The Military Vaccine Mandate and the Right to Religious Accommodation

August 27, 2021
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by Mike Berry • 6 min read

When it comes to the Department of Defense’s (DoD) recent announcement that the COVID-19 vaccine may soon be mandatory for all active duty troops, fictional Marine Corps Colonel Nathan Jessup’s admonition—“we follow orders or people die”—is likely what Pentagon officials had in mind. But a DoD-wide vaccine mandate leaves more questions than answers and could create a constitutional crisis.

First Liberty Institute has recently been inundated with requests for legal help about the legality of a COVID-19 vaccine mandate. We cannot represent every single person who contacts us, but we can provide clarity on the rights of conscience our service members enjoy.

Obedience to orders is essential for a functional military. Yet, like Colonel Jessup’s character, blind, instantaneous, and unquestioned obedience to all orders is also fiction. While the government teaches its troops that a military superior’s orders are presumptively lawful, they likewise learn that that not every order is lawful. These are the tragic lessons of Nuremburg and My Lai.

With COVID-19, the order to “get the shot” enjoys the presumption of legality. A service member disobeying a lawful order does so at his or her peril. Still, a court-martial may not await service members with a sincere religious objection to these vaccinations.

Many Americans object to the vaccine on religious grounds, perhaps due to the use of aborted stem cells in the vaccine’s development, or possibly on other religious grounds. To those serving in our military have any protections under the law?

A vaccination order—even one issued by the Secretary of Defense—does not leave unvaccinated service members without recourse. If a service member has a sincerely held religious belief that prohibits them from being vaccinated, they may request a religious accommodation under the law. A religious accommodation request does not challenge the legality of an order, regulation, or policy, or the authority of the person who issued it. Rather, it seeks to have that order, regulation, or policy deemed “not applicable” to the service member under the specific circumstances of the request.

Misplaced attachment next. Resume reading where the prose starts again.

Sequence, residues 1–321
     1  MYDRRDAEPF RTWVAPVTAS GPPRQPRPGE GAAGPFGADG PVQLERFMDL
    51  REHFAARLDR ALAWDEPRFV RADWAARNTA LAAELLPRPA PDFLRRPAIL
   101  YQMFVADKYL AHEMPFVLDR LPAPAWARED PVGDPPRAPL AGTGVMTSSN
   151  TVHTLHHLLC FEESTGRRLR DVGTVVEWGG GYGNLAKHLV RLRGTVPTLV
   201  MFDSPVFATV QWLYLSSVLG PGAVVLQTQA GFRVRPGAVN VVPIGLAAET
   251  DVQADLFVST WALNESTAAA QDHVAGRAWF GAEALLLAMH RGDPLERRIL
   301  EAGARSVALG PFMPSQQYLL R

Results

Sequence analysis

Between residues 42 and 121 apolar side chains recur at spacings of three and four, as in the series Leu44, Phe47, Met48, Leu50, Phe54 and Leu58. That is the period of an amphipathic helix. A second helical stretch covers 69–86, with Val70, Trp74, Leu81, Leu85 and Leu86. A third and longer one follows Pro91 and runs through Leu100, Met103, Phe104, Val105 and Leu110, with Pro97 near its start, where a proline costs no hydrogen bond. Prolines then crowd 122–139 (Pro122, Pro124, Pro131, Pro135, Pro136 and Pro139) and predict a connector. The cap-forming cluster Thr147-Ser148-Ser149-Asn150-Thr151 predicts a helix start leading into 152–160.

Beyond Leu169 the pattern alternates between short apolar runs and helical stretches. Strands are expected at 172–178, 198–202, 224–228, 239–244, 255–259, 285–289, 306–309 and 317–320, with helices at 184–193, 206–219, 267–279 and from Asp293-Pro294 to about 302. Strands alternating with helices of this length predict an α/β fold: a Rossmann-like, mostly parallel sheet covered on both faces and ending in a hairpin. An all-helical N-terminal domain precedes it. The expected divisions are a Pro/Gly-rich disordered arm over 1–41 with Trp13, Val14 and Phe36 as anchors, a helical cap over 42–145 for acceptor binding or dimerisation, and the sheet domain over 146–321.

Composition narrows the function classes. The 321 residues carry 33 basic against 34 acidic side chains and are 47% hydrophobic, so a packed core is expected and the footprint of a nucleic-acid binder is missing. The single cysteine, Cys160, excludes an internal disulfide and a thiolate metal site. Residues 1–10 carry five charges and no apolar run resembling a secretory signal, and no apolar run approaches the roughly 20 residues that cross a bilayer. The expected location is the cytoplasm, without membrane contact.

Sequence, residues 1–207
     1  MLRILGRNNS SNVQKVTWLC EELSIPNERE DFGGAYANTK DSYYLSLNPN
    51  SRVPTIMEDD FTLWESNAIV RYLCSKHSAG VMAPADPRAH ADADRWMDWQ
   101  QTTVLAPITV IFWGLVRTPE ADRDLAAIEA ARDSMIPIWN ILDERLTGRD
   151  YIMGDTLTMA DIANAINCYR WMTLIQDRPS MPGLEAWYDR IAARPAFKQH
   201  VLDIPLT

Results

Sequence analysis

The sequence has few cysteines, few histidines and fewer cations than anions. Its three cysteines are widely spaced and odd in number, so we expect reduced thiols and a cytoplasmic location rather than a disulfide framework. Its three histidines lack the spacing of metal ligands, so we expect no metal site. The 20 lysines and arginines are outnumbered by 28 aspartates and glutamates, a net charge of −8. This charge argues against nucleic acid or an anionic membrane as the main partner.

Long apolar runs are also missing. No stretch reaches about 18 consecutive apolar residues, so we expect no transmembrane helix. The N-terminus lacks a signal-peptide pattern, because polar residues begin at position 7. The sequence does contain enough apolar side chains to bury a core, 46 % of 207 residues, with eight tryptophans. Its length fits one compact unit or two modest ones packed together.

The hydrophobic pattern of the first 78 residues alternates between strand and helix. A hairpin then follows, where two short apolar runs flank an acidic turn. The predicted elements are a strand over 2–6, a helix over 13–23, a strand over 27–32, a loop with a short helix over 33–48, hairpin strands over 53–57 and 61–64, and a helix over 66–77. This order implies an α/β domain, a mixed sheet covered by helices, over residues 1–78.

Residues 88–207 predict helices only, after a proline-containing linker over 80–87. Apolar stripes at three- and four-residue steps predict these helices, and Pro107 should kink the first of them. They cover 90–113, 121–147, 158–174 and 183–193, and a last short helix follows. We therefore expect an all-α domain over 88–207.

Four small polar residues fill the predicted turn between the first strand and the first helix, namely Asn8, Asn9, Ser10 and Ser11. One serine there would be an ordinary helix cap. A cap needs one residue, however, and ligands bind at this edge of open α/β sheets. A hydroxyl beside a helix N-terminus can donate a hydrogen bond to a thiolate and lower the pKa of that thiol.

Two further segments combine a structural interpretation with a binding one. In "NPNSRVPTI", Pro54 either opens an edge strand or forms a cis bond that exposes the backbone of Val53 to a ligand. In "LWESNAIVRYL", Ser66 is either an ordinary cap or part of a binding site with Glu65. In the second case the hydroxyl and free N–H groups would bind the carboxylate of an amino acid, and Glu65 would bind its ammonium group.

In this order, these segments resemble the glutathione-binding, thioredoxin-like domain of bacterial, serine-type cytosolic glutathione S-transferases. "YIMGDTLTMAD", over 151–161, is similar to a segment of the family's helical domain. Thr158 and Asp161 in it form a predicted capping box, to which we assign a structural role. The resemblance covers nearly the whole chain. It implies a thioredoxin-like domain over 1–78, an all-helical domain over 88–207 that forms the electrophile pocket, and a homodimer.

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Once a service member raises a legal objection to vaccination due to a sincerely held religious belief, no one in the chain of command—nor even a chaplain—may question the validity or sincerity of the service member’s claimed religious beliefs. The DoD is left with but one option: prove that the DoD has a compelling interest in mandatory vaccinations and that ordering their administration is the method least restrictive to the service member’s religious exercise. That is a high burden.

Even assuming the DoD carries its burden, a service member can appeal that decision all the way up to the secretary of their particular branch of service who must, according to DoD regulations, turn around a final action in just sixty days. Then, after that final action, service members may still take the unfavorable decision to federal court.

It is unclear what legal review process the anticipated DoD vaccine mandate underwent, but they likely did not envision a flash flood of religious accommodation requests and possible lawsuits. Yet that is exactly the potential constitutional crisis their orders create.

Approximately eighty percent (80%) of the 1.3 million on active duty, according to the DoD, are fully vaccinated. If just ten percent (10%) of the unvaccinated on activity duty choose to raise a religious objection, that could create 26,000 religious accommodation requests triggering the sixty-day action requirement, and potentially months of federal litigation, described above.

The entire crisis could be avoided if the DoD would prioritize 100% constitutional compliance as highly as it does 100% vaccine compliance. DoD’s interest in mitigating the spread and effects of a debilitating virus could be achieved with far less burden.

For starters, those who test positive for COVID-19 antibodies due to prior infection and recovery could be deemed exempt. Those with a religious objection can be temporarily assigned to a different status—something the DoD permits for service members undergoing gender transition. Religion should not be treated less favorably than gender identity.

Those joining the military swear an oath to uphold and defend the Constitution, including the roughly 260,000 service members currently unvaccinated. They are every bit the brave, patriotic Americans as those who are vaccinated. The decision to decline the vaccination does not suddenly convert them into cowardly traitors. We should not deny them their religious freedom while they are fighting for all of ours.

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